A number of Chinese women who suffered botched plastic surgery operations performed in Korea have been protesting on the streets in Seoul, denouncing the shady intermediaries and hospitals responsible.
According to Tencent, the women have spent the past two days standing at Myeong-dong, one of Seoul’s most prominent shopping districts, holding up posters illustrating their plight in graphic detail. They hope to draw the attention of the Korean government and prevent others from ending up in the same situation.
The protesters say that they were mistreated throughout the process and claim that at one stage the hospital locked them in a dark room, had their passports seized and that they were arrested by police.
According to recent data, in 2014 a total of 56,000 people visited Korea in order to undergo plastic surgery. More are expected to arrive this year, although the Chinese Association of Plastics and Aesthetics cautions against going abroad for medical treatment.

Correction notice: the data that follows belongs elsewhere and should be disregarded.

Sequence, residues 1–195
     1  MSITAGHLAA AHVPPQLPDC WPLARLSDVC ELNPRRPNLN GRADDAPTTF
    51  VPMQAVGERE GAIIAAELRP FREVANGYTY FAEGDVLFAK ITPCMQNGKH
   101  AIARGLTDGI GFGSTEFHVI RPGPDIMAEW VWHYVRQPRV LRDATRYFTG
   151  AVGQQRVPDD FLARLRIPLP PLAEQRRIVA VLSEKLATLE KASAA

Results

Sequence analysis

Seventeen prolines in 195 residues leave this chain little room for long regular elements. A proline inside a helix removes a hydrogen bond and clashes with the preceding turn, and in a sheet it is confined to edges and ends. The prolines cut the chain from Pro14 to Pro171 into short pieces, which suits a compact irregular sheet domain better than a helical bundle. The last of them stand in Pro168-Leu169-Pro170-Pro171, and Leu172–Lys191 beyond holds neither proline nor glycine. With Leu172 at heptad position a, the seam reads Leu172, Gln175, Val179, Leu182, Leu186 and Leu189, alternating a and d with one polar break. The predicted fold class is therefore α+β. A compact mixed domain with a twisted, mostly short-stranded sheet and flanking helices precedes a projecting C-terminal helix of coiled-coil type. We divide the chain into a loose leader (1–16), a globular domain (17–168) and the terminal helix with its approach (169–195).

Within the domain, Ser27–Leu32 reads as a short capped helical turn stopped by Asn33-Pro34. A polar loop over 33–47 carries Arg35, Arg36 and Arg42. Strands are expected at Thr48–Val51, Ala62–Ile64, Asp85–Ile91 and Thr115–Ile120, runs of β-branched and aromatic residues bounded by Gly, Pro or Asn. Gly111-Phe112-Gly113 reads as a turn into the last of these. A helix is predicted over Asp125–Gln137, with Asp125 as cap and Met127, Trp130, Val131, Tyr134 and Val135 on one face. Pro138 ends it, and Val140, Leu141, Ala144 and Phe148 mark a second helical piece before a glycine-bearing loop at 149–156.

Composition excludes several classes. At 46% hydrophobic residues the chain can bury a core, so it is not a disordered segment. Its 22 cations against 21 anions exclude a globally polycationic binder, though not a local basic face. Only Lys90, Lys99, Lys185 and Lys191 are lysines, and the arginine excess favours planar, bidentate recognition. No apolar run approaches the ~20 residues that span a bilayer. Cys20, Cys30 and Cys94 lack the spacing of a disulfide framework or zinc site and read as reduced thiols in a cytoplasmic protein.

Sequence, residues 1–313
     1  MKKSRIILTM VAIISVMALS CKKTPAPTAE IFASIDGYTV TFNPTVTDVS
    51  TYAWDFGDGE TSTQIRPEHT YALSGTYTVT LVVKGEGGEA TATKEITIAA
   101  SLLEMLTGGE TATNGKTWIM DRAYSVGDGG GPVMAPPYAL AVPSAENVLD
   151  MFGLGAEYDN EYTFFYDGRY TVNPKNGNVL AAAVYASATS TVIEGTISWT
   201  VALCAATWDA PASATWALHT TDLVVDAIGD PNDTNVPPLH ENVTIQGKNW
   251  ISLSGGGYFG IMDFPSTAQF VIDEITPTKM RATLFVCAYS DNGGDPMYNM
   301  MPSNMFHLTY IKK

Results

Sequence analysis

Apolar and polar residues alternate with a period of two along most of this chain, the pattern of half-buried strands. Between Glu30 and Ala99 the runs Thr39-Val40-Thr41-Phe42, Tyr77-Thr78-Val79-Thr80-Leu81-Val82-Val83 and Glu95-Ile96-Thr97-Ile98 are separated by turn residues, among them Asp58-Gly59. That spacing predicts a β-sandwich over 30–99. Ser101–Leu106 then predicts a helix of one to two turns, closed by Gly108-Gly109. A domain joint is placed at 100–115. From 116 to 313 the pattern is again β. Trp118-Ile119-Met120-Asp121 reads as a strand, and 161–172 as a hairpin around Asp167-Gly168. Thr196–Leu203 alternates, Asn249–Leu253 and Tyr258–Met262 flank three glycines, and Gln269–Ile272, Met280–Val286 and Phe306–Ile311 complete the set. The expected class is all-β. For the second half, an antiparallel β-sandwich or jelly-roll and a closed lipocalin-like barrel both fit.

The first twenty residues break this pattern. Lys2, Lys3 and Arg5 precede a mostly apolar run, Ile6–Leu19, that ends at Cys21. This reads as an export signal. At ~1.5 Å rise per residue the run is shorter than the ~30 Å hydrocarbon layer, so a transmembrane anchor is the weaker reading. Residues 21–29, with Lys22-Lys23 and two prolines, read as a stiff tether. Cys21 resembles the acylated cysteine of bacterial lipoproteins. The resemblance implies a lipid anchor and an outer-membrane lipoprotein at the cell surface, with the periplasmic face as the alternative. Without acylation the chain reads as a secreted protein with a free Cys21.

In a report released in March, the organisation claims that the proportion of Chinese tourists encountering incidents or disputes while seeking treatment in Korea has risen by between 10 to 15 percent each year for the past three years. However given the blatant conflict of interest, we’re treating these figures with a caution.
For some of the protesters, this is not their first time coming to Korea to demonstrate. Zhou Jun originally came to undergo a 2-jaw surgery, but afterwards found that her teeth were out of alignment and to this day she has not been able to eat food normally.
She has protested outside the hospital four times, and although she says that under Korean law it is perfectly legal to do so, claims that hospital staff have sought to intimidate her, stealing her phone and violently harassing her.
With Chinese tourists now constituting 70 percent of the inbound plastic surgery market, the Korean government will likely have to step in and provide some facility by which to mediate these disputes.
But for now, we can’t help but think that their protest might have more of an impact on the local audience if the posters were printed in Korean rather than Chinese.